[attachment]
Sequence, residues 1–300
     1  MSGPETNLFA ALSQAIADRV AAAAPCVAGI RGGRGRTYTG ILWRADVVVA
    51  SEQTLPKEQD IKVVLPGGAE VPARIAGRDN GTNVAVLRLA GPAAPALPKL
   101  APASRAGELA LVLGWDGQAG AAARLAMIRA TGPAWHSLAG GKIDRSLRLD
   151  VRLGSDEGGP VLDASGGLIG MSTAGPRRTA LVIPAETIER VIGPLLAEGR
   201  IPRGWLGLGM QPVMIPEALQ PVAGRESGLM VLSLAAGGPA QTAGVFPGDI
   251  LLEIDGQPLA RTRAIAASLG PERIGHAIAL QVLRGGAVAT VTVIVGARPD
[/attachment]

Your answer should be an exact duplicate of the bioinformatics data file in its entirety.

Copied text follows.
Sequence, residues 1–300
     1  MSGPETNLFA ALSQAIADRV AAAAPCVAGI RGGRGRTYTG ILWRADVVVA
    51  SEQTLPKEQD IKVVLPGGAE VPARIAGRDN GTNVAVLRLA GPAAPALPKL
   101  APASRAGELA LVLGWDGQAG AAARLAMIRA TGPAWHSLAG GKIDRSLRLD
   151  VRLGSDEGGP VLDASGGLIG MSTAGPRRTA LVIPAETIER VIGPLLAEGR
   201  IPRGWLGLGM QPVMIPEALQ PVAGRESGLM VLSLAAGGPA QTAGVFPGDI
   251  LLEIDGQPLA RTRAIAASLG PERIGHAIAL QVLRGGAVAT VTVIVGARPD